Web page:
Now, this "Save the file" step is technically like saving any other file you've ever saved before. But you need to be extra, extra aware of where you save this file. For starters, any programming script that wants to use those credentials will have to, well, open that file at whatever location you saved it to.

My recommendation: Save it somewhere to the your operating system's Desktop. Yes, that means anyone who takes over your laptop and notices a file named "my_super_secret_creds.json" on the Desktop now has access to your (secondary) account. But that's a (temporary) risk we'll take, and one that is far preferable to the more common error: saving the file to your Github repo and committing the creds for the entire world to see.

So save the file to the Desktop (via your text editor), and for the purposes of this exercise, just name it tw.json.

Accessing your Twitter creds file from another script

Now open up a brand new command-prompt window, and run ipython to start a new iPython session.

Then paste the following code:

import json
import os
import tweepy
# Note this only works on OS X/Unix systems:
credspath = os.path.expanduser("~/Desktop/tw.json")
rawcreds = open(credspath).read()
mycreds = json.loads(rawcreds)
# Now mycreds is back to being a dictionary object
# We can re-run the tweepy code to get a new instance of the API object
t_auth = tweepy.OAuthHandler(
             consumer_key = mycreds['consumer_key'],
             consumer_secret = mycreds['consumer_secret']
the_api = tweepy.API(t_auth)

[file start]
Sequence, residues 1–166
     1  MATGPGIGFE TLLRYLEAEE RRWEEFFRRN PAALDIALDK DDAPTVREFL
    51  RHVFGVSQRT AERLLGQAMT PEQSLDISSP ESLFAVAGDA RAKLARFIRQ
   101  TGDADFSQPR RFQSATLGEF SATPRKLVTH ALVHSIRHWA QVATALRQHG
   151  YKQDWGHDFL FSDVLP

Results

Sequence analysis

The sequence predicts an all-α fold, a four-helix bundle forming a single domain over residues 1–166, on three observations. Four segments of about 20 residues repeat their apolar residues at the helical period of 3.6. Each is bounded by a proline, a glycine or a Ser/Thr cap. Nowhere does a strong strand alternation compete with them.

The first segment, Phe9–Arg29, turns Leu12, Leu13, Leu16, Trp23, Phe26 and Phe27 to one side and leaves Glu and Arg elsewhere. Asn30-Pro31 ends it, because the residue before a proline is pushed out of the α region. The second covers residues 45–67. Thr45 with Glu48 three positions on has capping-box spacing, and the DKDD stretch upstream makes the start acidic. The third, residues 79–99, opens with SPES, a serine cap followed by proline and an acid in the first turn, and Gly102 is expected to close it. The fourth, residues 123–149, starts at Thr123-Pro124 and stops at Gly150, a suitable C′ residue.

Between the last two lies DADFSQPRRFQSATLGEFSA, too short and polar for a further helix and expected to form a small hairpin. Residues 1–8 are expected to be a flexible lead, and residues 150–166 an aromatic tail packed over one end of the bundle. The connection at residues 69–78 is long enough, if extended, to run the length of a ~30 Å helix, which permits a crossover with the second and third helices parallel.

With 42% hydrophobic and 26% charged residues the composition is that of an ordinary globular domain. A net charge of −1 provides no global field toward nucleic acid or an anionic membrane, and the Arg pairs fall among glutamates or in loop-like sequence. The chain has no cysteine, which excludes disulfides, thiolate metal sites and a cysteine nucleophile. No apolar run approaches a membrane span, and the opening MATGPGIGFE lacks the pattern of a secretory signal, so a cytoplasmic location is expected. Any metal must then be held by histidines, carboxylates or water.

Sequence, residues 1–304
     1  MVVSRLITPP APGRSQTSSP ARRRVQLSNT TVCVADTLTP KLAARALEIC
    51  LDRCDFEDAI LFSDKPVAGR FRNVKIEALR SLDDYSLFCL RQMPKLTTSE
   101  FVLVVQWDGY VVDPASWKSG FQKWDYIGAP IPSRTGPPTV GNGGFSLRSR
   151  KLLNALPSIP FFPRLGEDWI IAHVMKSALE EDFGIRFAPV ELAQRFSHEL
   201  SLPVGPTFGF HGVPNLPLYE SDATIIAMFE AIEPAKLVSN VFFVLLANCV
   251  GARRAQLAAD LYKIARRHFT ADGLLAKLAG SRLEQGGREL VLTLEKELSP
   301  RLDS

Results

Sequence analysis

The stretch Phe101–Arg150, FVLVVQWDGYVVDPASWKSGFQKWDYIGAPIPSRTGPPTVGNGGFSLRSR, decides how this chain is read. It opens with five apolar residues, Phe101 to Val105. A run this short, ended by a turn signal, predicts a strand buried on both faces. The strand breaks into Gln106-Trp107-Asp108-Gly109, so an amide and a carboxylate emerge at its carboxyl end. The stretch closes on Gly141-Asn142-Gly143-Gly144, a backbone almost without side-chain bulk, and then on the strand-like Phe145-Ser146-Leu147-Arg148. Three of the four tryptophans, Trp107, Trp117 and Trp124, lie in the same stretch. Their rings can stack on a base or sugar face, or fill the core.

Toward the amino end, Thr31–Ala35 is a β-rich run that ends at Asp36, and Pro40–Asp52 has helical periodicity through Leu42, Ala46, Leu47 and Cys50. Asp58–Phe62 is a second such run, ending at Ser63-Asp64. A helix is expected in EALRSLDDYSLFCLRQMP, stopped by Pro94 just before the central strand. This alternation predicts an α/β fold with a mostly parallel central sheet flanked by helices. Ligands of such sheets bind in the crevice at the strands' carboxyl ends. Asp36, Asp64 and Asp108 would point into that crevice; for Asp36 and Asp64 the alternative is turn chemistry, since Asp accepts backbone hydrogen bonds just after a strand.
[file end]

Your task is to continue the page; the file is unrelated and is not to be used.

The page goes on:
tme =
print("I've reauthenticated as screen_name:", tme.screen_name)

It should work as it did in the previous iPython instance. Congratulations, you now have a re-usable credentials file and you're now 90% on your way to easy, reproducible access to Twitter's API. What's next to do? Well, for starters, you can figure out a better place to store that credentials file that is not your Desktop (or a file folder that will accidentally get published to Github repo). It's those little details that can be the most painful…

So you screwed up and exposed your credentials

It happens to everyone. You accidentally saved your credentials file to one of your file folders that you then pushed to Github. And now anyone in the world can copy that file and re-run the code we've used to control your bot. Mistakes happen. This one is easily fixable, and goes to the root of why we go through this whole OAuth process instead of creating a program in which we enter our Twitter usernames and passwords.

If you believe you've exposed your credentials file, open the browser in which you're logged in as your main account, visit, find the app that you used for the authentication process.

Then click the Regenerate Consumer Key and Secret button.

You'll have to go through the whole authentication-via-opening-two-browsers process. But that's a whole lot better than having one of your password combinations (because let's face it, you probably re-used one of your personal passwords, which means you have to change all of your other accounts, Twitter and non-Twitter).